Back when I was an impressionable college student I was shown an asset allocation rubric. The rubric was a list of asset classes with a recommended percent of funds to be invested in each asset type. The result would be a diversified portfolio.
It was my first exposure to asset allocation and it made a lot of sense.
The allocation I was presented was very similar what I have listed below and I’ll call it “Portfolio 1”.
Asset Allocation Portfolio 1
The problem with this portfolio is that is dropped over 55% in the 2008 financial crisis.
Without any bonds (or gold) this portfolio was subject to a massive drawdown.
In fact an investor would have been better off just buying the Vanguard Total Stock Market Index (VTSMX) and calling it a day. The “Just Buy VTSMX” strategy would have had a 7.25% CAGR with a lower maximum drawdown of around 50%.
Asset Allocation: Portfolio 2 (Add Bonds)
To be fair, the allocation actually calls for a 40% allocation to short term bonds. Adding 40% bonds would have limited the maximum drawdown to a much more manageable 33.72% with a CAGR of 4.77%.
Correlation of this portfolio is still .98.
HIGMW Asset Allocation
But enduring a 33% drawdown for a a 4.77% return doesn’t seem stellar to me. So I’m been experimenting with different asset allocations using portfoliovisualizer.com.
The HIGMW Asset Allocation I’ve developed would have a maximum drawdown of 28.77% with a CAGR of 7.38%. Correlation with US stocks drops below the 90s down to .87, still high, but at least lower.
Now the actual investments in my allocation are listed below. I had to swap out some funds in order to get a sense of how this allocation would have performed in 2008.
However, many of the funds I like did not exist in 2008.
Yes, this allocation is 30% bonds. And yes, I think US stocks and bonds are in a bubble. And yes indeed I Don’t Own US Treasuries. But 20% of my allocation to bonds are outside the US and the other 10% are in a fund managed by Bill Gross mainly consisting of corporate bonds and only 6% in government bonds.
So my 30% allocation to these bond funds in no way contradicts my views on US debt.
I also allocated 20% to gold and 10% to real estate. I think if inflation does pick up (even more) these hard assets will add some resilience to the portfolio.
Small cap value stocks have outperformed over the last 45 year so I’m overweight small cap value. 10% is allocated to international small cap value stocks and 10% to small cap value stocks in the US. The 20% allocation to the First Trust Dorsey Wright Dynamic Focus 5 ETF is an interesting ETF in that it is somewhat trend following. Combine these three funds and 40% of this allocation is to stocks.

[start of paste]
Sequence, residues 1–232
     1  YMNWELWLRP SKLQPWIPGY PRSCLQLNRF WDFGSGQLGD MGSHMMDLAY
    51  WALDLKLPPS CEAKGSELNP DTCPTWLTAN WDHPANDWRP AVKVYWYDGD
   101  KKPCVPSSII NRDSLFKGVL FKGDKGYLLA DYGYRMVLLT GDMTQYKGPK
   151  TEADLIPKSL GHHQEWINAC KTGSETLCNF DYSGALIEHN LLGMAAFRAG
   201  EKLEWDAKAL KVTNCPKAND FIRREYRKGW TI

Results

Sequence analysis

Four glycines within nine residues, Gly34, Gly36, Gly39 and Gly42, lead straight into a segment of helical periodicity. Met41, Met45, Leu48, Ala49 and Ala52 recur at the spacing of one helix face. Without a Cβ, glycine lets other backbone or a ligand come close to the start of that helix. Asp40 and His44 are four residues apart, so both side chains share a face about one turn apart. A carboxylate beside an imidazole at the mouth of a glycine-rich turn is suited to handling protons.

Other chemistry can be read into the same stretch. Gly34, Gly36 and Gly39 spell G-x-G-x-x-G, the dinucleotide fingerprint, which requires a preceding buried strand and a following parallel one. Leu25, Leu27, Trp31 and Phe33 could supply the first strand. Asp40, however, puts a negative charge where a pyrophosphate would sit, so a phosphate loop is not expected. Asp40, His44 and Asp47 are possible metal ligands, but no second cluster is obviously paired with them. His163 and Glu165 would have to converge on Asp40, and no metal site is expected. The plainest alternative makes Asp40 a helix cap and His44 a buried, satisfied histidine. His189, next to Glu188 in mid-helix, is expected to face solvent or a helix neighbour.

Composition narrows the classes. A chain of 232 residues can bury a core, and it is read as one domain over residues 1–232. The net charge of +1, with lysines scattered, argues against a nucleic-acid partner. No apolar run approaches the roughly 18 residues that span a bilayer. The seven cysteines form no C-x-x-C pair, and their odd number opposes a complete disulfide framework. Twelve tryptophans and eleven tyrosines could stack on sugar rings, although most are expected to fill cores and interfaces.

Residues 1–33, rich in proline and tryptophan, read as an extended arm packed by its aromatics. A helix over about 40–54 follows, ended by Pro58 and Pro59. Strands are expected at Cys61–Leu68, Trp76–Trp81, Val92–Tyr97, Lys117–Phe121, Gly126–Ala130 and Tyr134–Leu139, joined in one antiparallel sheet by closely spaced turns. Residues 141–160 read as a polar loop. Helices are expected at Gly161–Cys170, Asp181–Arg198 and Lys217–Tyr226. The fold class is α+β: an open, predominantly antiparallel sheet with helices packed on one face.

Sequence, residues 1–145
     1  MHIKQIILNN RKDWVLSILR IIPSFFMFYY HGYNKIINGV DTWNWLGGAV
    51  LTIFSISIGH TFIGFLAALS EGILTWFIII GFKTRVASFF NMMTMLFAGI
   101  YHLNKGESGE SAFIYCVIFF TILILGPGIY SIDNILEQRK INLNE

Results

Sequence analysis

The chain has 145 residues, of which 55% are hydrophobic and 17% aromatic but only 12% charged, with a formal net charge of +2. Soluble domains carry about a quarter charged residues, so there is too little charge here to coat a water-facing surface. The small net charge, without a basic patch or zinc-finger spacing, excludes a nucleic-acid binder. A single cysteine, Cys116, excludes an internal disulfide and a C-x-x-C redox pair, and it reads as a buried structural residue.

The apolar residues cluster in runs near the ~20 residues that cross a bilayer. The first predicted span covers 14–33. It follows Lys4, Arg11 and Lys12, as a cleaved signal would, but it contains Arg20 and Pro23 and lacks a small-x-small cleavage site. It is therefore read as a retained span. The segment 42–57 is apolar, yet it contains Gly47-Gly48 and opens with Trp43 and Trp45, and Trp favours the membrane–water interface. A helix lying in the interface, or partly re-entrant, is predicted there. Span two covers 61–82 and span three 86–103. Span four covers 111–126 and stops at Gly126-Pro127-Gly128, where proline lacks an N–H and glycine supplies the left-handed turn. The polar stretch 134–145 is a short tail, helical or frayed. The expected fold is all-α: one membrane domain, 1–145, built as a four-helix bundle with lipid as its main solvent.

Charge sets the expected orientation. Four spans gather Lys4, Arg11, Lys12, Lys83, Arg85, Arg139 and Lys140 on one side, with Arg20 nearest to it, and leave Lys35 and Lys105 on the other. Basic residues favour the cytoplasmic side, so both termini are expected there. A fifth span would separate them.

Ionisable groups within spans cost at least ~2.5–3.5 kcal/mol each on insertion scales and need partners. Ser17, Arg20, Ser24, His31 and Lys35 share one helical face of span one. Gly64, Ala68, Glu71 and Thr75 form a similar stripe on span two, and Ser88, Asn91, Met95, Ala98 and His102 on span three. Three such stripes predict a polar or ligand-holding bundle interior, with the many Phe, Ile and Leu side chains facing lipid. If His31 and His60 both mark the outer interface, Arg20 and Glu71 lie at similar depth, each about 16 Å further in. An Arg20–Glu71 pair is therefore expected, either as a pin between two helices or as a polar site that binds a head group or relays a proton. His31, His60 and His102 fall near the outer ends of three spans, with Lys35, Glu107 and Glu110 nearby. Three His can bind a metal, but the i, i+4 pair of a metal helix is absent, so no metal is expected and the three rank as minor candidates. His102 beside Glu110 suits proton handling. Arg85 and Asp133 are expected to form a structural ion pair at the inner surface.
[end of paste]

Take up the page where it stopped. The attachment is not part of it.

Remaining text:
Gold doesn’t pay a dividend or yield. But until the central banks around the world stop acting like crazy people gold will remain a large part of my portfolio.
I don’t think I can be convinced that governments can continue to borrow, print and spend money without consequences.
I hope there is peace in Ukraine and help for all those impacted and displaced by this needless conflict.
It is certainly an interesting time, with COVID and being on the cusp of World War III. Gold has shown a few signs of life and as of writing this is up to $1,970 per troy ounce, while silver is up to $25.70. These precious metals haven’t been a great hedge against inflation thus far. Even the government admits pricing are increasing year of year by 7.5%, so who knows what it actually is, probably over 10%. However, it is appreciated by anyone holding these asserted that they are up, although it would be better if they weren’t.
Cryptocurrencies have far outstripped precious metals. If you show gold and bitcoin on the same chart gold would look flat. On of my stock picks, Kirkland Lake gold, has merged with Agnico Eagle Mines (AEM) and is up over 400% since I shared that I purchased it back in February of 2017. For ease of tracking, I’m counting AEM as “opened” on February, however, KL shares were converted to AEM shared on 2/9 at a rate of .7935 shares of AEM for each share of KL, and rather than do all of the math to convert the cost, I’m just marking KL as closed as of Feb 2022 and AEM opened as of Feb 2022 even though I never sold this position.
The west has been sanctioning Russia, except for where it actually matters, energy exports. So in a very real sense the west is financing Russia’s invasion of Ukraine. I think XOM and SHEL, two of my stock picks, should continue to do well in this environment.